52 day impasse over freight rates continues to impact the livelihoods of truckers in Himachal Pradesh

Back on December 15th, Adani Group owned cement companies ACC Cement and Ambuja Cement shut down their plants in Himachal Pradesh over a disagreement on freight rates. Back then, the Adani Group said that the truckers’ unions must agree to run 50,000 km a year, reduce deployment of vehicles to 550, and leave all operational decisions to the company, for it to restart production.

Two months later, the decision to shut down the plants at Barmana in Bilaspur district and Darlaghat in Solan district in Himachal Pradesh, continues to jeopardise the livelihoods of thousands of truckers who are left without work. Shutting down of the cement plants has also hit mechanics, dhaba owners and other people associated with the business. Truck owner Bhaghi Rath said the truckers are losing Rs 2,000 and Rs 3,000 per day.

“Truckers who have no other income and have to repay loans are the worst hit,” said Ram Lal, a truck owner

According to the officials of the state government, transportation costs take into account 11 factors including taxes, insurance, depreciation value, repair, and wages. Dividing this by the distance covered by the truck (in km) and the weight it carries (in tonnes), the average cost per tonne per km (PTPK) is calculated.

Adani Cement CEO Ajay Kapur said earlier that the unions, who actively decide the prices, have been keeping the freight rates extremely high and and making all transport related operational decisions that belong in the domain of companies. The Adani Group is learnt to have offered Rs 6 PTPK, against the existing rate of Rs 10.58 PTPK for ACL and Rs 11.41 PTPK for ACC. With truck operators refusing to accept this, the group shut down the Ambuja plant at Darlaghat and ACC plant in Bilaspur.

Adani’s competitor, Ultratech Cement also has a plant in Baga near Adani’s plants, and is offering freight rates of Rs 10.58 to Rs 10.71 per tonne per kilometer (PTPK). While the unions are demanding Adani Group to keep their pricing competitive, the latter has proposed its own framework for deciding freight rates, citing the need for due diligence and intervention

“We were forced to close our operations after the transport unions adopted an unworkable position on the freight rate and distribution model,” Ajay Kapur, the CEO of Adani Cement

Kapur suggested the the optimum distance per annum to be set at 50,000 km, along with reducing the currently employed fleet of 3,311 trucks to 550 trucks (for both ACC and Ambuja), both gradually over the next couple of years.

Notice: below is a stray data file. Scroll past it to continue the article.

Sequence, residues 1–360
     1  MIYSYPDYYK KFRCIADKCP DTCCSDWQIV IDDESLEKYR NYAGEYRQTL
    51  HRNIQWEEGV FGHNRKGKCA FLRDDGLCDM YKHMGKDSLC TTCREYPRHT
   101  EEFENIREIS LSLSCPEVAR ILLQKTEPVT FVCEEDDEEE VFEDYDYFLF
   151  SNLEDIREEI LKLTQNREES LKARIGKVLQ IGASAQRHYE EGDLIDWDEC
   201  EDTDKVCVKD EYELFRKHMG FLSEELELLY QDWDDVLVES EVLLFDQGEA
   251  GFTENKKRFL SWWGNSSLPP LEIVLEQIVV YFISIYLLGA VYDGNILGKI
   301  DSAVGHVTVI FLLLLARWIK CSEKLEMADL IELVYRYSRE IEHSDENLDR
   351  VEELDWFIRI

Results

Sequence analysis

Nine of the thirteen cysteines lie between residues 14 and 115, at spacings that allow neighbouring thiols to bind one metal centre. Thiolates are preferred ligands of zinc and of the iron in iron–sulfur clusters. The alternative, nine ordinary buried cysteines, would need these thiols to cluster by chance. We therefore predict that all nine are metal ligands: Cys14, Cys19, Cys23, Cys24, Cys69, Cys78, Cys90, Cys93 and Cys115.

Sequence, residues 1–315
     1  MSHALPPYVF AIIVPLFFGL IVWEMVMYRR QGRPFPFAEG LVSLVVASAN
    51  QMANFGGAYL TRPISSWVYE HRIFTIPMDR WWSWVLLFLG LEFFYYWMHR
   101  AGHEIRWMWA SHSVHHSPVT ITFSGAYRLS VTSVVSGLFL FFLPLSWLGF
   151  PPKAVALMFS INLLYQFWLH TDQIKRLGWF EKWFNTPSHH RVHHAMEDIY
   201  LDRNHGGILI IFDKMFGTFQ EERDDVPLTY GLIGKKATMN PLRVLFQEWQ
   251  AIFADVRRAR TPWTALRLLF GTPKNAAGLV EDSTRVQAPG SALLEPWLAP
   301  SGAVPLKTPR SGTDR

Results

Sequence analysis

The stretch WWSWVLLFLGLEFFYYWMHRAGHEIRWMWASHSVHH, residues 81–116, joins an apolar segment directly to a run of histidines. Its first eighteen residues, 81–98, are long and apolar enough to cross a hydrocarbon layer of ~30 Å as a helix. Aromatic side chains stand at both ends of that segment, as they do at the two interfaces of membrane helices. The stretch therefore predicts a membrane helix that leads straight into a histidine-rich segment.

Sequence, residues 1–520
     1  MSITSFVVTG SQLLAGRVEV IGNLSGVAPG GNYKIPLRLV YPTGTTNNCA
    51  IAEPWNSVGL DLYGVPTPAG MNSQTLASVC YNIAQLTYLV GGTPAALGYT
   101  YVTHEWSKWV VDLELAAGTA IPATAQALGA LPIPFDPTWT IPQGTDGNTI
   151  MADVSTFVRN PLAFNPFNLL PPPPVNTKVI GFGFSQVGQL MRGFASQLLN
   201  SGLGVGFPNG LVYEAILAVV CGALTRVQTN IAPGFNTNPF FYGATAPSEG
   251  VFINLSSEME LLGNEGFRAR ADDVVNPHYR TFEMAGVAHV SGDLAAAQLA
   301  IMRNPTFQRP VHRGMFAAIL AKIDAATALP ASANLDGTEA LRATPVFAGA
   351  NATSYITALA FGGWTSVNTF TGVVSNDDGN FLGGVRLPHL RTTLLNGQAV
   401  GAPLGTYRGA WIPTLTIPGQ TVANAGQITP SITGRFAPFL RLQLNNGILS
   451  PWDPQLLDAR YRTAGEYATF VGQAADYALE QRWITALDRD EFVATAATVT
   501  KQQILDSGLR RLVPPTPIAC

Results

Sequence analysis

The Adani Cement executive further said that trucks in Himachal Pradesh travel just a fourth of the national average of 100,000 kilometres and this inefficiency is inflating the freight rates. Moreover, the unions also prevent companies from operating their own fleets, restricting the creation of a free market.

However, the truckers’ unions said that Kapur’s suggestions are against the welfare of the truckers. Jai Dev Kaundal, head of the truckers’ association in Solan said that the average distance a truck covers in a years is 21,000 km and if the cost PTPK is calculated based on Kapur’s estimates of 50,000 km, it will be much less than what it should be. He also said that the unions will accepts the report of the HIMCON.

“Hundreds of people had given their land for construction of the cement plant but were neither adequately compensated nor provided direct employment. They bought trucks as an avenue of indirect employment but shutting down of the cement plant has hit their livelihood hard,” said Ram Kishan, the truck union president at Darlaghat

The state government has also set up a sub-committee to resolve the issue and tasked HIMCON, a state-owned agency, to calculate the freight rates on the basis of a formula proposed by the High Court. The recommendations of the HIMCON report are not known yet. The sub committee was set up a week after Adani Cement closed the two plants. It is chaired by RD Nazim, Principal Secretary, Industries Department.

Due to the closure of the twin plants, the state is incurring a loss of Rs 2 crore per day, said Industry minister Harshvardhan Chauhan on Tuesday, implying that in the past two months the loss to the state exchequer has mounted to Rs 120 crore.

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